Hands-On Preview: Alien: Isolation – Terror Lurks Behind Every Shadow
There have been plenty of games based on the Alien franchise throughout the years. Most of them are inspired by James Cameron’s Aliens and, as such, usually involved a team of space marines fighting against an endless horde of Xenomorphs. Alien: Isolation however is doing something interesting and is taking its cues from the original Ridley Scott movie. Because of this, the game isn’t a shooter but is instead a survival-horror title and a damn good one at that.
This game takes “survival” and “horror” quite literally. In the demo, I played as the sole survivor of a spaceship whose crew was killed by a single alien. The portion I played was actually a sort of challenge map. The goal was to make it to one end of the ship to the other. Sounds simple enough but when you are being hunted by a smart and fast enemy it isn’t that easy. Oh, did I forget to mention that your only weapon is a flamethrower which can’t actually kill the alien? Yeah, like I said, survival-horror.
This game terrified me in a way that I haven’t been since that zombie-dog burst through the window in Resident Evil. Actually, this was a bit worse because the tension was ever present and wasn’t just relegated to a single moment. As I slowly crept along, I would hear noises in the background. Some were normal sounds that the ship would make but others were of things falling over… clearly because something knocked them out of the way. Visibility was limited due to lights being out and whatever was lit usually showed me horrors like blood or bodies twisted in unnatural poses. I was in a demo room filled with people but I was scared witless while playing this game. I truly felt the isolation in this game’s title.
The best way to tell the alien’s location was through the motion sensor. This device is what I like to call “retro-futuristic”. It worked but in a limited sense. It could only really sense the alien when it was literally in the same room with you. The motion sensor had two features that weren’t in the movies. First, it can show you the way to your objective via a line that goes around the perimeter of the screen. The other is found near the bottom of the sensor and it blinks in the direction that the alien is in whenever it’s hunting you but isn’t close. Because the motion sensor’s display is on a flat, two dimensional screen, you kind of have to play a guessing game as to what direction you’re supposed to be heading to (or avoiding). From a video game standpoint it’s clunky but it fits perfectly with the world of the original Alien.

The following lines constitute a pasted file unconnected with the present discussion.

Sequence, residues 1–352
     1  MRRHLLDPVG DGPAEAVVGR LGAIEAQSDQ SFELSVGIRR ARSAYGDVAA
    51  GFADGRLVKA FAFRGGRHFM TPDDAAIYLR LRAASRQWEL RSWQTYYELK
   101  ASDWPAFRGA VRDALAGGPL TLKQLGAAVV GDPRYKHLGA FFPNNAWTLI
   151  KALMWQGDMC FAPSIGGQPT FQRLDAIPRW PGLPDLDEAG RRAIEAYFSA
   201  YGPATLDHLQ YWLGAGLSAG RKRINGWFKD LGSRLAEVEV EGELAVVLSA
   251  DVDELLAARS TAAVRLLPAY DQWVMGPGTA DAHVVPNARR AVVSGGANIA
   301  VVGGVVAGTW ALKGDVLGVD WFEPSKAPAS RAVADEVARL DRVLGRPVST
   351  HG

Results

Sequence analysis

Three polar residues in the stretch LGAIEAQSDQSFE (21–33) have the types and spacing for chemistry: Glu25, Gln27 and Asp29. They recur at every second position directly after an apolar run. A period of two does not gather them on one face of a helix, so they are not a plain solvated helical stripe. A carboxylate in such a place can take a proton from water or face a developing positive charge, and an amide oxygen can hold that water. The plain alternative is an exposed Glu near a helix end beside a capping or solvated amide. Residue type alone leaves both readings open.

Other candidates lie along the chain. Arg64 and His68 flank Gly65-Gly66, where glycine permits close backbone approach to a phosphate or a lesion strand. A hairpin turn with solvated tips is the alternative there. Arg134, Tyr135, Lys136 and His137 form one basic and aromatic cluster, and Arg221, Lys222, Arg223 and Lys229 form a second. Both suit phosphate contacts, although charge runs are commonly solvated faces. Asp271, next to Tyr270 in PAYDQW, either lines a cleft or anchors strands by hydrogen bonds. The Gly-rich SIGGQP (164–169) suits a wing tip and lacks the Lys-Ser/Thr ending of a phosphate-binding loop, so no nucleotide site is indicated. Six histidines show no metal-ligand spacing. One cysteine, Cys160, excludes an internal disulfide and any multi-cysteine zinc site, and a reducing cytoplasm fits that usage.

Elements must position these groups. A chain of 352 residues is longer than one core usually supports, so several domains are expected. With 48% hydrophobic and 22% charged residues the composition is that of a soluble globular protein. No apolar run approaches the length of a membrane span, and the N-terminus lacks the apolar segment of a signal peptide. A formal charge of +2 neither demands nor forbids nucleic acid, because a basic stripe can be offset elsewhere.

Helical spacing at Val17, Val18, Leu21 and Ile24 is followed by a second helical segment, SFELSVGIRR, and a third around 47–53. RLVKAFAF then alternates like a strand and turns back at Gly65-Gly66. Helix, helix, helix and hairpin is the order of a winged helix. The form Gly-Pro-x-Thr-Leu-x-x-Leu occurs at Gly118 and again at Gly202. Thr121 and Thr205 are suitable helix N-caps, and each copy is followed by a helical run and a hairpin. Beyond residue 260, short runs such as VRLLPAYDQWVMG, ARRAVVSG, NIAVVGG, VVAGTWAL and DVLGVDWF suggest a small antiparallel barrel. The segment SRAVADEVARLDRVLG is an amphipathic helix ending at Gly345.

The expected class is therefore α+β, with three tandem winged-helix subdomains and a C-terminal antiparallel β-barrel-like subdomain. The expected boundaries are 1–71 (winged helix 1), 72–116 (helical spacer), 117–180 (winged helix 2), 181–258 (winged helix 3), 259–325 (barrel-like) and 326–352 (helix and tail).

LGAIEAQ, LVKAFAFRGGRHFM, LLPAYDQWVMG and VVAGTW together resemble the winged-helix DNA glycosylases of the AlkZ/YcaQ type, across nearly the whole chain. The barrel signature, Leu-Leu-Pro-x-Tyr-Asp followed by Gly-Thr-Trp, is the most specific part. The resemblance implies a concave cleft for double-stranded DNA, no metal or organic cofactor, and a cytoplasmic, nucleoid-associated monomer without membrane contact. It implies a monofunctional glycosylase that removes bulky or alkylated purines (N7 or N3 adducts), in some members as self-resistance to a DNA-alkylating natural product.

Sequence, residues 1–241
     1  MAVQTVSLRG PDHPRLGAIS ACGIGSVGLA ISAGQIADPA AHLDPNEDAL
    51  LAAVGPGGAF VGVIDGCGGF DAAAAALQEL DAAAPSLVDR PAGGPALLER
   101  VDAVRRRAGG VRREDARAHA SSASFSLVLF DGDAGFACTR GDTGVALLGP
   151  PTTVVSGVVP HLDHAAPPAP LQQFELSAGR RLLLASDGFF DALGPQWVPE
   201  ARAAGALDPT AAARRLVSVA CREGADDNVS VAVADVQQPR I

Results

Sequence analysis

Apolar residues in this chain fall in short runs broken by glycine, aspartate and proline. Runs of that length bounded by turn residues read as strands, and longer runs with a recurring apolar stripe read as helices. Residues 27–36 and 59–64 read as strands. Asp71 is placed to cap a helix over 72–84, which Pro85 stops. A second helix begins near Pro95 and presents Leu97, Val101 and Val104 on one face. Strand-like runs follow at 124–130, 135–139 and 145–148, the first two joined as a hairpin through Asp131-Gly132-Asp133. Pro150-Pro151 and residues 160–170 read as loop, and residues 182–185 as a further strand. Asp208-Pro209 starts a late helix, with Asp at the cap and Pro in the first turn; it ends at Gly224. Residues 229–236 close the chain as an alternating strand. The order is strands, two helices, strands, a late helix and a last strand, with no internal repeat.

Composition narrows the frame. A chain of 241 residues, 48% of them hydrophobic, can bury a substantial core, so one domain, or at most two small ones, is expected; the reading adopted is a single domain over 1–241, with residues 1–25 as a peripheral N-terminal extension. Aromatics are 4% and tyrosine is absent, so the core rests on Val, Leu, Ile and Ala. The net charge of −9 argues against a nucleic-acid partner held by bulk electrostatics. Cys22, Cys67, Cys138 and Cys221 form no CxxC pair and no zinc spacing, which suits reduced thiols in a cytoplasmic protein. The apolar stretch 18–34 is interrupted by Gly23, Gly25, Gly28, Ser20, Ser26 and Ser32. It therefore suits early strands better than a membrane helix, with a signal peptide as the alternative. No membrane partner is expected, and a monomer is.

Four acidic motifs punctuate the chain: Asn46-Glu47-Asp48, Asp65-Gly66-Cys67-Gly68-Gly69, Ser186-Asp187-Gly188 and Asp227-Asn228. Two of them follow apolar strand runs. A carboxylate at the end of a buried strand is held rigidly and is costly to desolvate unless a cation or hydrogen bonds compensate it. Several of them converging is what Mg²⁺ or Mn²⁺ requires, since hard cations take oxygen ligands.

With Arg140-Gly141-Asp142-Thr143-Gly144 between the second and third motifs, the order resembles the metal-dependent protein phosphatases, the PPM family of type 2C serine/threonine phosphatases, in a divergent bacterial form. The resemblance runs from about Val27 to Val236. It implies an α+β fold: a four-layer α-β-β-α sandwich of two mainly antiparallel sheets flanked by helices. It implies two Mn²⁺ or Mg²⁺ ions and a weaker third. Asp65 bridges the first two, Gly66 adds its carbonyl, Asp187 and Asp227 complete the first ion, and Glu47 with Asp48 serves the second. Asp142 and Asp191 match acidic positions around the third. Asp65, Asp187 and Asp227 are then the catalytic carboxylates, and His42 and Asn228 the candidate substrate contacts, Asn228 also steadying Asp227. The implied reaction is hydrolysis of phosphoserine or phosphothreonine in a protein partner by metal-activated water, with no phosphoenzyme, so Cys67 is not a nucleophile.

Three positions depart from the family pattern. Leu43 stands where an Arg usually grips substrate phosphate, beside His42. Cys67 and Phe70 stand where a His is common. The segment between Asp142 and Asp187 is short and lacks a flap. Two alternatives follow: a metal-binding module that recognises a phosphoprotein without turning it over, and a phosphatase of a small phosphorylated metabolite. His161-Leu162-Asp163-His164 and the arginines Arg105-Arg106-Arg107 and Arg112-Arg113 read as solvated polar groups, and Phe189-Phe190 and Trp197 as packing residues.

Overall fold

I hate to admit this but I died a lot. Once the alien actually sees you there isn’t much you can actually do but see it kill you in first-person. I always felt my heart sink whenever I’d turn a corner and see it looking right at me–knowing that it was over. There were other times where I’d hide in a closet and see it creep by and I hoped that it wouldn’t find me. Other times I’d hide in a corner terrified and I swear that it sensed that I was there and it waited for me to mess up and reveal myself. This is no doubt the sort of fear that the characters in the movies felt, but now I was feeling it myself.
After my billionth death, I eventually started to get the hang of how to avoid the Xenomorph. If I saw it walking in one direction I’d made sure to go in the opposite. I also made sure to not stay in one place for too long otherwise it would find me. Closets seemed to work well but air vents didn’t. One time I stayed in an air vent and it actually tried to get in as well. Luckily I was able to crawl out of there in time to not be killed. I also used a flare to distract it as well and I saw that there were a few switches that I could flip which would open panels that could also be used to distract it. I just played it cool and looked at the sensor as I kept moving wherever it wasn’t, afraid that me pulling a lever would alert it.
The presentation of the game is what really helps give it that unnerving vibe of the original Alien. From the minimalist sound design, film grain filter, dark shadows and the retro-futuristic art design, everything is made to invoke the feel of the Ridley Scott classic. Those aspects served to make that movie really scary and they work in the video game as well.
Alien: Isolation is definitely a game that one has to play for themselves to really “get it.” Like I said, this is the most frightening game I’ve played in a while and that is a testament to not only the team that created this game but to the original movie which inspired it. Despite how much it scared me, I can’t wait to play the final game and let it spook the hell out of me some more.
Alien Isolation will be released for the PC, PlayStation 3, PlayStation 4, Xbox 360 and Xbox One on October 7th.